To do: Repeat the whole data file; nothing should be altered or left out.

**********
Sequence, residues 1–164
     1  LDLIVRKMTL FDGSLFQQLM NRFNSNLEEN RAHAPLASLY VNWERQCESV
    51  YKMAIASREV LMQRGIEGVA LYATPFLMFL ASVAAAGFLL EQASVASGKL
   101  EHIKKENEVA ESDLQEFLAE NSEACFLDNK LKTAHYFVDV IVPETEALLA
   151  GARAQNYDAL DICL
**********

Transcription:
Sequence, residues 1–164
     1  LDLIVRKMTL FDGSLFQQLM NRFNSNLEEN RAHAPLASLY VNWERQCESV
    51  YKMAIASREV LMQRGIEGVA LYATPFLMFL ASVAAAGFLL EQASVASGKL
   101  EHIKKENEVA ESDLQEFLAE NSEACFLDNK LKTAHYFVDV IVPETEALLA
   151  GARAQNYDAL DICL